Uncertainty as Spain puts coronavirus death toll ‘on hold’

A healthcare worker takes part in a protest calling for a reinforced healthcare system outside the Gregorio Maranon hospital in Madrid on June 8, 2020. (AFP)
Updated 13 June 2020

Uncertainty as Spain puts coronavirus death toll ‘on hold’

  • On May 25, Spanish health ministry changed its method of collecting data on confirmed cases and fatalities
  • Since June 7, the number of dead has stuck at 27,136

MADRID: For days now, Spain’s daily coronavirus death toll has been on hold, generating widespread uncertainty about the real state of the epidemic that has claimed more than 27,000 lives.
The health ministry’s emergencies coordinator Fernando Simon, who for months has given a daily briefing on the pandemic’s evolution, acknowledged the “astonishment” and “confusion” generated by the figures.
On May 25, the ministry changed its method of collecting data on confirmed cases and fatalities, initially giving a daily death toll of between 50 and 100.
But the figure then fell to fewer than five per day and on some days there were no deaths at all.
Prime Minister Pedro Sanchez even told parliament there had been “no deaths” for several days, prompting a backlash from the right and the far-right who have since accused him of hiding the real number of fatalities.
“(The) biggest danger is communicating this idea that the epidemic is over because the virus is still present in our country although at much lower levels,” warned Salvador Macip, an expert in health sciences at Catalonia’s Open University.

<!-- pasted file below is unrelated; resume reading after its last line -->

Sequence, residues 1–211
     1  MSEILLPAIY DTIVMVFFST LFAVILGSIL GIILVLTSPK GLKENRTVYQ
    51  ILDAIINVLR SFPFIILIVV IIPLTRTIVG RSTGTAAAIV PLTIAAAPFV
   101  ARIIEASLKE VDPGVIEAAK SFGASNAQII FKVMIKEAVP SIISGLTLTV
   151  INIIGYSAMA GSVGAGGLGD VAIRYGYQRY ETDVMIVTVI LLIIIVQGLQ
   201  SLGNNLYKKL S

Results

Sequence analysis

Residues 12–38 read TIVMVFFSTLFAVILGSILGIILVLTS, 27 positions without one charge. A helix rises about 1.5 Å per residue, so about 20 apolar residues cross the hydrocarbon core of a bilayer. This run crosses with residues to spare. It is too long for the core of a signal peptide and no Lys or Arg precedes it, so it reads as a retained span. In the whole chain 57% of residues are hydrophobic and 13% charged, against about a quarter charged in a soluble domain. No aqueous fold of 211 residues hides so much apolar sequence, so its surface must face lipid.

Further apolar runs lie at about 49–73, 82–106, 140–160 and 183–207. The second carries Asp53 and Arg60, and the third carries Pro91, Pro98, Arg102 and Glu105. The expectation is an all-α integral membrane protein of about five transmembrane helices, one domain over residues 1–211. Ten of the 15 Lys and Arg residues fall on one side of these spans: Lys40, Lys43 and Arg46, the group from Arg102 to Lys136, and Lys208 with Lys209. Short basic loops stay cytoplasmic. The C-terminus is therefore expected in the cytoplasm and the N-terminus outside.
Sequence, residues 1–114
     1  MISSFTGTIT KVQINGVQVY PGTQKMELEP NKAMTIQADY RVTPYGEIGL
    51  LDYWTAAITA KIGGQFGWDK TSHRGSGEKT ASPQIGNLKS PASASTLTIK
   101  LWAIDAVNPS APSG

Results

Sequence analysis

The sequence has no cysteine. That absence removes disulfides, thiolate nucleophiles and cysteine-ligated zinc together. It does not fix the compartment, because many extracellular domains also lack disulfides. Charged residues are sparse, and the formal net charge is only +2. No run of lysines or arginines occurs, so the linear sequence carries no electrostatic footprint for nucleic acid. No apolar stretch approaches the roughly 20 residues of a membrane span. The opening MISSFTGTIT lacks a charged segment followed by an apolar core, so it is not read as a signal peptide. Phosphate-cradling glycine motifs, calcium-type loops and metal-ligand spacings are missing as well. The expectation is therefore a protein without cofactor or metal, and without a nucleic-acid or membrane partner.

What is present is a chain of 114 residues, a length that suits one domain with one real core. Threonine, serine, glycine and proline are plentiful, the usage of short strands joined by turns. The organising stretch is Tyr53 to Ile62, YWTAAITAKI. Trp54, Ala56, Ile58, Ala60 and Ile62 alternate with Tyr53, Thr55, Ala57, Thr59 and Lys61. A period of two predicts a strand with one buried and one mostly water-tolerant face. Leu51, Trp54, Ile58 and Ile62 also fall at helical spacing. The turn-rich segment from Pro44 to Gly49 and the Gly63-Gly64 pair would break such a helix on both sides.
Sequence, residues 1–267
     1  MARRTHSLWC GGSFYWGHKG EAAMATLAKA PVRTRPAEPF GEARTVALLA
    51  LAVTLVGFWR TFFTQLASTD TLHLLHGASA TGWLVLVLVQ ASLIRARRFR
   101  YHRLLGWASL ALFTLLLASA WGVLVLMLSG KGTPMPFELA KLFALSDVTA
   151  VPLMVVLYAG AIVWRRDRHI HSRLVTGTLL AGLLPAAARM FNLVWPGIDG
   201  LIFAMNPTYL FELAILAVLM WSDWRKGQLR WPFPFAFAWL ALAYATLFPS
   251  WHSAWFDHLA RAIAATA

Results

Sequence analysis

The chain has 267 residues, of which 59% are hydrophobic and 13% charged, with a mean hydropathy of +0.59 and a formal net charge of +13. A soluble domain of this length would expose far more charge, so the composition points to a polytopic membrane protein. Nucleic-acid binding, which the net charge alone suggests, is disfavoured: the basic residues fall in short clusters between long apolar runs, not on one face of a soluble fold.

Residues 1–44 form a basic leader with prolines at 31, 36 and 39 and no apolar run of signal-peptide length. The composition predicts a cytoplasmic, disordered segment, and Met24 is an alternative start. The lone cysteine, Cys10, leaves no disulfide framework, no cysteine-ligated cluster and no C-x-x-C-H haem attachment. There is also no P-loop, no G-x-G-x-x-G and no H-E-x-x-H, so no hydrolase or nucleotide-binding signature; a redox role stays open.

Simon has said the new system was set up to facilitate the rapid detection and isolation of any new outbreak and that the regions must provide a detailed breakdown of cases, rather than lumping all figures together.
But last week he acknowledged that the overall number of deaths had remained “frozen” as a result of discrepancies in the figures, which he put down to delays in submitting data in certain regional areas.
Since June 7, the number of dead has stuck at 27,136 while the regional authorities “review the information on deaths ... (until) they can give a precise death date which will give a clearer sequence,” Simon said.
But some regions have hit back, insisting they have submitted all the required data yet saying it wasn’t reflected in the overall balance.
Such was the case with Andalusia whose health minister Jesus Aguirre recently lashed out at the central government’s “total lack of respect for the dead” in publishing lower figures than those submitted by the southern region itself.
One problem with the new system is that it puts “excessive emphasis on reporting the previous day’s figures” because if the data arrive after the deadline, they’re not added to the daily total, explained Kiko Llaneras, a data analyst with El Pais newspaper.
It has turned into “a source of huge disinformation” and in terms of communication it has “tainted the entire debate,” he said.
The situation became even more chaotic this week after the National Statistics Institute (INE) and the Carlos III Health Institute published figures showing that Spain’s death toll has been between 43,000 and 44,000 higher than it has been on average in recent years.
And this “excess mortality” has further inflamed the opposition who point to it as proof the government is playing down the death toll.
But the government has rejected such claims, saying such figures include those who died of other causes or had COVID symptoms and never had a PCR test.
Such testing kits, which were very scarce at the start of the outbreak, have since become essential for confirming a new case and adding it to the overall figures.
“It is normal that the death toll does not coincide with the excess mortality figures,” explained Ildefonso Hernández, spokesman for the Spanish Society of Public Health, saying similar situations occur during flu season and heatwaves.
“Is the government hiding deaths under the carpet? No, it’s not. Is the government communicating clearly? No, it’s not doing that either,” he complained.
“One of the fundamental issues is that the management of information and communicating figures in the epidemic has not been clear enough,” agreed Llaneras.


Indian court accused of ‘betrayal’ over mosque verdict

Updated 01 October 2020

Indian court accused of ‘betrayal’ over mosque verdict